Although RPM formed only in 2013, Carlock and Perini have been in animal rescue for years. Both are attorneys, but only Carlock practices full time (she specializes in commercial litigation). They co-founded Scout's Honor in 2006, but Perini temporarily relocated to New Mexico, where she started a successful transport program. When she returned to Houston, Scout's Honor started a small-scale transport program, using Perini's contacts.

"It had been so successful for me in New Mexico that, to me, it...didn't make any sense -- the effort that I put in to save one dog, I could save 500," Perini says.

This ultimately led to a philosophical divide, with the majority of Scout's Honor's board wanting to focus on transport and move even more animals to Colorado. Those board members left to form RPM.

With connections to Scout's Honor's donors, and donors elsewhere, RPM has proven to be a fundraising juggernaut. And given the program's expense, it would have to be: RPM's four vans cost $78,000 each, and monthly veterinary bills have run as high as $90,000. The group was especially lucky to have ties, through Carlock's husband, to Houston Rockets owner Leslie Alexander, who has donated to animal welfare causes.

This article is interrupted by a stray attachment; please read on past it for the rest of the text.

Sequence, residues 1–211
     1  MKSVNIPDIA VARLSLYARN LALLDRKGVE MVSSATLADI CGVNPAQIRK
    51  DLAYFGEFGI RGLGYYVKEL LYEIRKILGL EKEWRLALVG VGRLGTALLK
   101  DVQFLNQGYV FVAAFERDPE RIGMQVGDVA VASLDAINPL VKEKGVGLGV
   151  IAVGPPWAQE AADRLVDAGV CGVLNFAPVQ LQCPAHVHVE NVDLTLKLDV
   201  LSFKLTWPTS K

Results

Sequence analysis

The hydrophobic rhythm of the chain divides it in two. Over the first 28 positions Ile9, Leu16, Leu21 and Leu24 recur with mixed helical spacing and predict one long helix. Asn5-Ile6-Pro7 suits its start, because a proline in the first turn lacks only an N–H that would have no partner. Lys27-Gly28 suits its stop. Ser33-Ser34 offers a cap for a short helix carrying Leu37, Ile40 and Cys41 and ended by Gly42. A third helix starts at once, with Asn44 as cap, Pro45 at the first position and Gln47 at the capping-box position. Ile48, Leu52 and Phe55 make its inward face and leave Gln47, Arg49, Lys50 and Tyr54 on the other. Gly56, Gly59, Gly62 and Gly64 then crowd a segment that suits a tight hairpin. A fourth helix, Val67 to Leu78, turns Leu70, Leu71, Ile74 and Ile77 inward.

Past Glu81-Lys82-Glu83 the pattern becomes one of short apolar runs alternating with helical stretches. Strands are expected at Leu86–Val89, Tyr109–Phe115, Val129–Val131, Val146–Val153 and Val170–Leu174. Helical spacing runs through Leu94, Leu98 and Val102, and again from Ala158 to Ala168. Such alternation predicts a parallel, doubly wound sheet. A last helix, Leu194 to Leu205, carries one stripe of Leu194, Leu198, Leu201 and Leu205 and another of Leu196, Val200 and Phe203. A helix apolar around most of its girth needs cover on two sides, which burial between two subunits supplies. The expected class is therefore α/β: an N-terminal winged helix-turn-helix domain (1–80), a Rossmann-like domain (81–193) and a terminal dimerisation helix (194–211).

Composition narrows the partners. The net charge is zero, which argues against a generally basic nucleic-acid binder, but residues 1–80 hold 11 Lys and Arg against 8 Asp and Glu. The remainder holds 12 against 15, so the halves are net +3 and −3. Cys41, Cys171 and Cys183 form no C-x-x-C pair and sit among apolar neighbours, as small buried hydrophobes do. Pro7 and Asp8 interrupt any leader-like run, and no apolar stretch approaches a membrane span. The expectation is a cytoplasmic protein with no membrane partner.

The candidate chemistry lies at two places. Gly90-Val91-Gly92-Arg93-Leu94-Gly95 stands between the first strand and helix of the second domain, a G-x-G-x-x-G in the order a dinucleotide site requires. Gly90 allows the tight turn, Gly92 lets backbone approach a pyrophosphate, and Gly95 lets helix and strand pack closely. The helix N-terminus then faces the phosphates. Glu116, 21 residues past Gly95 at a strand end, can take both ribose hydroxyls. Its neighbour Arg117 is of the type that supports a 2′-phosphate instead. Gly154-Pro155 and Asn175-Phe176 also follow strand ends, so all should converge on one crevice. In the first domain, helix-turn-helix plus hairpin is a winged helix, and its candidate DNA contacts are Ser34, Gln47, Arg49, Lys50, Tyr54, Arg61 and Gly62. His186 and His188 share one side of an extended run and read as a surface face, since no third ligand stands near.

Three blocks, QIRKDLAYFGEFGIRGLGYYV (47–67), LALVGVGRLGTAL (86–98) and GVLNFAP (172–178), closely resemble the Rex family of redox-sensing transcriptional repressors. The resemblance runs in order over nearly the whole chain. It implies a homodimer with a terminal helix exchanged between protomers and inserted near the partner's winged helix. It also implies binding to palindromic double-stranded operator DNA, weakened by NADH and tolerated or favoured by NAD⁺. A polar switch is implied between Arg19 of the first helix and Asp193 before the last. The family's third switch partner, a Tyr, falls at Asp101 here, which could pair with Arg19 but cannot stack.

Thanks to Alexander's donation, RPM will be able to build its own clinic and boarding facility, named in honor of Alexander's father. Whether Alexander knows where the dogs he's paying to dump in Colorado end up is anyone's guess. (His PR flack, Tracey Hughes, literally refused to even forward our questions to him, instead telling us to speak with Carlock; apparently, if we want to know Leslie Alexander's personal opinion on something, we should ask Carlock.)

Carlock and Perini say having a vet conducting wellness exams and vaccinations in-house will save a fortune, and a planned 53 kennels will allow them to pull even more animals from BARC each month. The facility will also include a grooming area and two quarantine rooms.

The women say they were able to get support from BARC because they approached Damianoff with a concrete business plan.

"We made it easy for [BARC] because we did all the work," Perini says.

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Contributor Craig Malisow covers crooks, quacks, animal abusers, elected officials, and other assorted people for the Houston Press.
Contact: Craig Malisow